their long run equilibrium values in the short—run to compensate for the

sluggish adjustments of the quasi-fixed factors. They slowly adjust toward

their long—run equilibrium values as capital and R&D adjust. The output

elasticities

of capital and R&D are

small th the short-run but increase over

time

and are quite similar. At least in the short and intermediate runs the output elaaticities of both the variable and the quasi—fixed factors

(19)

-17--Table 7: Short—Run, Intermediate—Run, and Long—Run

Output Elasticities in the

U.S. and Japanese

Electrical Machinery Industries:

1 976 *

Elasticity

United

States

Japan

SR

IR

LR SR

IR

LR

E2

1.19 1.07

0.82

1.06

0.99

0.72

Cry 1.07 1.06 0.82 0.39 0.145 0.72 Cjçy 0.20 0.314 0.82 0.20 0.314 0.72 CRY 0.114 0.214 0.82 0.15 0.26 0.72 *

CZY is the elasticity of factor Z =

materials

(M), labor (L), capital (K) and

R&

(R) with respect to output (Y). The symbols SR, In and

LR

refer to the

short, intermediate and

long

run.

substantially

exceed their own—price elasticities. Surprisingly,

except for

the labor input, the patterns of input responses are similar in both

countries.

Thus, the production structure of the electrical machinery

industry in

the two countries, characterized by the patterns of factor input substitution

and

complementarity

as well as the degree of scale, is qualitatively similar.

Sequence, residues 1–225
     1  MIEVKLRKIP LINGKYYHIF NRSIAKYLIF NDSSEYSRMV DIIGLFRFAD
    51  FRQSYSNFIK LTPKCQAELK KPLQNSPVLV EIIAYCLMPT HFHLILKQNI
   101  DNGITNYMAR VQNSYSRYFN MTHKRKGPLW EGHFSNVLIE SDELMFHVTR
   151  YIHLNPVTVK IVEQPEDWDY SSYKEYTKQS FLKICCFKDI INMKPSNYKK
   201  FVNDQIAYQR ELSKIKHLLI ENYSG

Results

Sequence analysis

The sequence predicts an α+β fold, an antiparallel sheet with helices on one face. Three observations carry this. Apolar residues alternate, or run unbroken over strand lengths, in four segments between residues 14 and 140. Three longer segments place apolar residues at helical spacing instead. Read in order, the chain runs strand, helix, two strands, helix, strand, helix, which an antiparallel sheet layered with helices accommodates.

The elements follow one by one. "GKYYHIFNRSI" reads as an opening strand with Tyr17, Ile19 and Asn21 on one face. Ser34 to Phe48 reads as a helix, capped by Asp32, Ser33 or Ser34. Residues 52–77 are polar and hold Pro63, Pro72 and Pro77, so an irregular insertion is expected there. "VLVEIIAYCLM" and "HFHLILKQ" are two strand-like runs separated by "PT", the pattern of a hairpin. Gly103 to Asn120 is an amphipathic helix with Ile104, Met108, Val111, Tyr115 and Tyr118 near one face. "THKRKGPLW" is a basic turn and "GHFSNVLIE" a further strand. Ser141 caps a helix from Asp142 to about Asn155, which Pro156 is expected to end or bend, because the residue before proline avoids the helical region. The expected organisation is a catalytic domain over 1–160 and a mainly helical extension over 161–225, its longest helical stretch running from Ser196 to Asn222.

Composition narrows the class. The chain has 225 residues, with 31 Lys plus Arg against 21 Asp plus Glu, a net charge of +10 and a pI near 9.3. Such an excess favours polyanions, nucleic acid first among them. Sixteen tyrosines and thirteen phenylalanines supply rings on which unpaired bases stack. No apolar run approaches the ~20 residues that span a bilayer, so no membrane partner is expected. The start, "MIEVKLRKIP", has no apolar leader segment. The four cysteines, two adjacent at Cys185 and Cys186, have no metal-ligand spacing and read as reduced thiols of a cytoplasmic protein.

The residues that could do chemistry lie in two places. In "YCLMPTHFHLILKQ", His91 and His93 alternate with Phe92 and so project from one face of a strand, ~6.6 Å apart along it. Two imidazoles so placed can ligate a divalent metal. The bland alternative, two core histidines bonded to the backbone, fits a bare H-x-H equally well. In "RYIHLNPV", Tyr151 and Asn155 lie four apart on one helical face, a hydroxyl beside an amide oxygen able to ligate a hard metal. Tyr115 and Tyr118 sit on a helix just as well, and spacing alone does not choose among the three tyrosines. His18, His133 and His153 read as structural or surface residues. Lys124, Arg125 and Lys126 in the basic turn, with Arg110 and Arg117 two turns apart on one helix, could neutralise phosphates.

Quantitatively there are some differences in scale

and

in the responses of

inputs to changes In prices and output in the two industries. Both industries are characterized by increasing returns to scale. However, the Japanese

industry

has a higher scale which substantially influences its

productivity growth.

V. Productivity Analysis

Using the estimates of the production structure, we can quantitatively examine the sources of output and productivity

growth. The

contributions of

(20)

the

factor inputs, technical change, and

adjustment

costs to output growth

are

shown in Table 8. The decomposition is based on the approximation:

16

1

(10)

lnYt =

[Ey()

+ +

.

[PGY

+

PGYt_i]

i=1 1 1

with Z1 =

L,

Z2 = M, Z3 =

K_1,

Z =

R_1,

Z5 tK and Z6 =

iR.

The

1

denote the respective output elasticities and PGYt =

(1/Y)(aF/t)

denotes technical change. The output elasticities are computed from the structural parameter

estimates of

the restricted cost function using standard duality

theory.

For both variable and quasi—fixed factors those output elasticities

exceed long run cost shares because of increasing returns to scale. For the

quasi-fixed factors there is an additional element due to the adjustment

costs. The contribution of each of the variables in (10) is calculated by